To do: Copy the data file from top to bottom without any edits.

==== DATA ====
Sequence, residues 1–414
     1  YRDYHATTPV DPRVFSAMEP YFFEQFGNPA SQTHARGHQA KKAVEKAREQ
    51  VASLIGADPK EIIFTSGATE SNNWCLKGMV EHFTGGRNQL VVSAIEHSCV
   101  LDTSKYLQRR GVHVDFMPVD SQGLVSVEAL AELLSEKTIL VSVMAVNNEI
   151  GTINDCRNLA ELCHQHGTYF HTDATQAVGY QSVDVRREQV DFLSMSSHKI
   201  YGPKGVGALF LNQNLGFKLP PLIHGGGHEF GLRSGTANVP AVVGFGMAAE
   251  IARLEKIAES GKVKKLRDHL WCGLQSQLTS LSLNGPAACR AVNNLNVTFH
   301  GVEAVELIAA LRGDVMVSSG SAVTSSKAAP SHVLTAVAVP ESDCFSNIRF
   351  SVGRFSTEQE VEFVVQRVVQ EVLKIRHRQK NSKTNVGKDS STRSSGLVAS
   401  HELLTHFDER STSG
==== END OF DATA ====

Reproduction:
Sequence, residues 1–414
     1  YRDYHATTPV DPRVFSAMEP YFFEQFGNPA SQTHARGHQA KKAVEKAREQ
    51  VASLIGADPK EIIFTSGATE SNNWCLKGMV EHFTGGRNQL VVSAIEHSCV
   101  LDTSKYLQRR GVHVDFMPVD SQGLVSVEAL AELLSEKTIL VSVMAVNNEI
   151  GTINDCRNLA ELCHQHGTYF HTDATQAVGY QSVDVRREQV DFLSMSSHKI
   201  YGPKGVGALF LNQNLGFKLP PLIHGGGHEF GLRSGTANVP AVVGFGMAAE
   251  IARLEKIAES GKVKKLRDHL WCGLQSQLTS LSLNGPAACR AVNNLNVTFH
   301  GVEAVELIAA LRGDVMVSSG SAVTSSKAAP SHVLTAVAVP ESDCFSNIRF
   351  SVGRFSTEQE VEFVVQRVVQ EVLKIRHRQK NSKTNVGKDS STRSSGLVAS
   401  HELLTHFDER STSG